The important thing to keep in mind is that the social security administration does not award benefits based on simply having a condition, but, instead, will base an approval or denial on the extent to which a condition causes functional limitations. Functional limitations can be great enough to make work activity not possible (or, for a child, make it impossible to engage in age-appropriate activities).



Why are so many disability cases lost at the disability application and reconsideration appeal levels?

There are several reasons but here are just two:

1) Social Security makes no attempt to obtain a statement from a claimant's treating physician. By contrast, at the hearing level, a claimant's disability attorney or disability representative will generally obtain and present this type of statement to a judge.

Note: it is not enough for a doctor to simply state that their patient is disabled. To satisy Social Security's requirements, the physician must list in what ways and to what extent the individual is functionally limited. For this reason, many representatives and attorneys request that the physician fill out and sign a specialized medical source statement that captures the correct information. Solid Supporting statements from physicians easily make the difference between winning or losing a disability case at the hearing level.

2) Prior to the hearing level, a claimant will not have the opportunity to explain how their condition limits them, nor will their attorney or representative have the opportunity to make a presentation based on the evidence of the case. This is because at the initial levels of the disability system, a disability examiner decides the case without meeting the claimant. The examiner may contact the claimant to gather information on activities of daily living and with regard to medical treatment or past jobs, but usually nothing more. At the hearing level, however, presenting an argument for approval based on medical evidence that has been obtained and submitted is exactly what happens.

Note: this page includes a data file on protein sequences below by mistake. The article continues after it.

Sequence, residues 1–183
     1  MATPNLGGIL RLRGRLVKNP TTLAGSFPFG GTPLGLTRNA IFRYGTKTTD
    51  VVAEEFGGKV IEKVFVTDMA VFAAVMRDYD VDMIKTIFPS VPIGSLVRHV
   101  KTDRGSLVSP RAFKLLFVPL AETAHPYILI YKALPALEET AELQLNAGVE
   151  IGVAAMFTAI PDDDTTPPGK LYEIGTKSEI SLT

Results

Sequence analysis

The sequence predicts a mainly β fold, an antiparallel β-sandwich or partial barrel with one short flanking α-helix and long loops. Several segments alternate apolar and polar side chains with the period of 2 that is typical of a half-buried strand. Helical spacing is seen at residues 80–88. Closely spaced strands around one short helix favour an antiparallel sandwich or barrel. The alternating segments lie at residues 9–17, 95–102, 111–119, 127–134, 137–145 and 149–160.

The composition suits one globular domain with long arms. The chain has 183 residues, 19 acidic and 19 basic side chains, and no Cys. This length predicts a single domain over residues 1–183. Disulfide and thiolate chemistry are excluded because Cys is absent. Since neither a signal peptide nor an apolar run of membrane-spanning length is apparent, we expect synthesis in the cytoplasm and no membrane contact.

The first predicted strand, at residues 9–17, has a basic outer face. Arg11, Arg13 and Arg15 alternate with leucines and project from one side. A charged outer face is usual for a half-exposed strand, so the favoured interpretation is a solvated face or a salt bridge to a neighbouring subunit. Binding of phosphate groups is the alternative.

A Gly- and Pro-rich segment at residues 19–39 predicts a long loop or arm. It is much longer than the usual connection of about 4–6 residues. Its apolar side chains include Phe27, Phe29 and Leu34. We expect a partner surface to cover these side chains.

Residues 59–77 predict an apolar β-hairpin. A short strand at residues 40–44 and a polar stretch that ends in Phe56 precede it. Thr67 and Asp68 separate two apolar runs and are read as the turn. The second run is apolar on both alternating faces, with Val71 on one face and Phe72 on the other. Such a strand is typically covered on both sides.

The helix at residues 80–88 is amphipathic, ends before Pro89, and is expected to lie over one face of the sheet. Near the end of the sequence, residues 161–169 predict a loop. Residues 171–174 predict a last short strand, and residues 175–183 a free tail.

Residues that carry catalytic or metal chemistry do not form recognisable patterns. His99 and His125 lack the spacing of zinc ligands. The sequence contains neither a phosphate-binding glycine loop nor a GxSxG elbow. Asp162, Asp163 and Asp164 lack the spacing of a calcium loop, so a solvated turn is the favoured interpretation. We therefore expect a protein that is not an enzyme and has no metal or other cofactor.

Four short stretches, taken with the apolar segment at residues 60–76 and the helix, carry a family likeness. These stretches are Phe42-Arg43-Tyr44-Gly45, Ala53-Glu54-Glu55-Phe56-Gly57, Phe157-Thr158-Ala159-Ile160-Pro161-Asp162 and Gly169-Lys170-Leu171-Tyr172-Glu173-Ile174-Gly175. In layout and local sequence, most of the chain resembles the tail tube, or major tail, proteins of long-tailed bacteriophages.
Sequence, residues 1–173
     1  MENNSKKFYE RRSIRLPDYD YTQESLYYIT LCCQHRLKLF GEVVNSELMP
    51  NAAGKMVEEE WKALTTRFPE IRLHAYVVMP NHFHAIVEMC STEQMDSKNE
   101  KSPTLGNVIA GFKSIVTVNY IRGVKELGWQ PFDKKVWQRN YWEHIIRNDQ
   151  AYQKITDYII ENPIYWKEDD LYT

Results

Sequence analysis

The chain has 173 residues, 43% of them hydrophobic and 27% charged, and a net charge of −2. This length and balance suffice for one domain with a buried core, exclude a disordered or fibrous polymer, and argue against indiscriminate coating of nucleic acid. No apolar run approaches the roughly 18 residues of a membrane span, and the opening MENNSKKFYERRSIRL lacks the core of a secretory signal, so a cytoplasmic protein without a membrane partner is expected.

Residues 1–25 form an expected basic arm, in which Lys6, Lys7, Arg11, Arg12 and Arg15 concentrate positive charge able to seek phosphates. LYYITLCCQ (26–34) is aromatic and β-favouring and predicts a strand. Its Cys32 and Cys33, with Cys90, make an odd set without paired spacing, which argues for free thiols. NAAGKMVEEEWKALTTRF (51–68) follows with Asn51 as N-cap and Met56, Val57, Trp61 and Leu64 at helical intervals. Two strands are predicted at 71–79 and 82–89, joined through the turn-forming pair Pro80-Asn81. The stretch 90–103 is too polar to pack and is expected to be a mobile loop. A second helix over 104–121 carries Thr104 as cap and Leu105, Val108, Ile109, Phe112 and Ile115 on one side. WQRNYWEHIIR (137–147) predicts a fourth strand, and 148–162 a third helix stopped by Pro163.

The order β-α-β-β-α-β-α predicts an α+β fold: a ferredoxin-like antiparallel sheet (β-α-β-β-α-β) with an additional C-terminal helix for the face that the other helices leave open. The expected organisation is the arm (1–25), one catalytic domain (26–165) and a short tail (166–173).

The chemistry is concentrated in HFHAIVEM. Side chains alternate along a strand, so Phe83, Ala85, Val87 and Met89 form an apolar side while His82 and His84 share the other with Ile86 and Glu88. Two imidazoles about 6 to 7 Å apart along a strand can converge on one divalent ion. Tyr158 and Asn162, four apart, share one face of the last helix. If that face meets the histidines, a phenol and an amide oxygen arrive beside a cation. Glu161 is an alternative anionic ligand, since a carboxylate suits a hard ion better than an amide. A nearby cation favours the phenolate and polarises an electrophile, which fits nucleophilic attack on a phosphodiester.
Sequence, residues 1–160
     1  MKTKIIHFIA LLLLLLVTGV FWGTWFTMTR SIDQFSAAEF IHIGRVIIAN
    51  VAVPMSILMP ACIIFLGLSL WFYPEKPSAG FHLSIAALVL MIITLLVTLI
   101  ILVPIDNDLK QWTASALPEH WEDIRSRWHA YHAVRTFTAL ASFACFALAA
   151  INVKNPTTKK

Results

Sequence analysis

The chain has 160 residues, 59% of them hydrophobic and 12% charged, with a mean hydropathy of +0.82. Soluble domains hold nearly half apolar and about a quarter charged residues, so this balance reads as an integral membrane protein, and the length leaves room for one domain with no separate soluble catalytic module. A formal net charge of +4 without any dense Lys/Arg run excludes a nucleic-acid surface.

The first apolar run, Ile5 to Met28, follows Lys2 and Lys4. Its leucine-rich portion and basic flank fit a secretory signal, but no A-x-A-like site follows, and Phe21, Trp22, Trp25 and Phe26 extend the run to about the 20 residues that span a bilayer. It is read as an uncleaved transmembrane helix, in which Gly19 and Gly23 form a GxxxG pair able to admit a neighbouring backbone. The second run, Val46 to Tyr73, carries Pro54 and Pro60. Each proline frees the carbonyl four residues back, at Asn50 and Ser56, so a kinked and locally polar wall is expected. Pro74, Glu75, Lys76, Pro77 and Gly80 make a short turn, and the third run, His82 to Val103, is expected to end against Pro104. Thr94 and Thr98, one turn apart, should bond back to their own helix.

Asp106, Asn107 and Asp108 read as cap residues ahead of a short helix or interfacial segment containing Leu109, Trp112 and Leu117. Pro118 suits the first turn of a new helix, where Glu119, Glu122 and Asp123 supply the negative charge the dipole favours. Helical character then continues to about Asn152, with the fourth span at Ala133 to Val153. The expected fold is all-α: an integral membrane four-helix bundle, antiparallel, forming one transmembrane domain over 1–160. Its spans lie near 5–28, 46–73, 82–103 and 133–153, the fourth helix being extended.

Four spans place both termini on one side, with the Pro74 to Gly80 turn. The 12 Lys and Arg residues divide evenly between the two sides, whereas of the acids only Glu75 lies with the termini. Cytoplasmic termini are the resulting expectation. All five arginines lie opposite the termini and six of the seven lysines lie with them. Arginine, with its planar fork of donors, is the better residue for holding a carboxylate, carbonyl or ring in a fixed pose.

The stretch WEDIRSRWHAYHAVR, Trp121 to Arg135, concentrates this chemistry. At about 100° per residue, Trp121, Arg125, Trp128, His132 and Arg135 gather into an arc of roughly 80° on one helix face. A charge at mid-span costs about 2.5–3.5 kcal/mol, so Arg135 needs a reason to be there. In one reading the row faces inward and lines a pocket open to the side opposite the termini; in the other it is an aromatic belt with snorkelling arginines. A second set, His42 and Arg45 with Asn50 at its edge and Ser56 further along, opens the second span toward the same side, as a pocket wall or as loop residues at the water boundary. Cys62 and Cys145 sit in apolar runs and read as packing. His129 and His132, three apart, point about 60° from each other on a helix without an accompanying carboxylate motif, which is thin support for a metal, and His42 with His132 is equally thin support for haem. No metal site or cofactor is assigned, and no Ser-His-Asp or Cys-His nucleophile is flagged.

Return to:  Social Security Disability Resource Center, or read answers to Questions





























Related Body System Impairments:

Glomerulonephritis and Filing for Disability
Gout and Filing for Disability
Interstitial Cystitis and Filing for Disability
Kidney Disease and Filing for Disability
Kidney Failure and Filing for Disability
Nephropathy and Filing for Disability
Nephrotic Syndrome and Filing for Disability
Polycystic Kidney Disease and Filing for Disability



Information on the following topics can be found here: Social Security Disability Questions and in these subsections:

Frequently asked questions about getting Denied for Disability Benefits | FAQ on Disability Claim Representation | Info about Social Security Disability Approvals and Being Approved | FAQ on Social Security Disability SSI decisions | The SSD SSI Decision Process and what gets taken into consideration | Disability hearings before Judges | Medical exams for disability claims | Applying for Disability in various states | Selecting and hiring Disability Lawyers | Applying for Disability in North Carolina | Recent articles and answers to questions about SSD and SSI


These pages answer some of the most basic questions for individuals who are considering filing a claim.

How to Apply for Disability - What medical conditions can you apply and qualify for?
How long does it take to be approved for SSI or Social Security disability?
What happens if I file a disability application and it is denied by a disability examiner or Judge?
How do you prove your disability case if you have a mental condition or impairment?
Social Security Disability Back pay and How Long it Takes to Qualify for it and receive it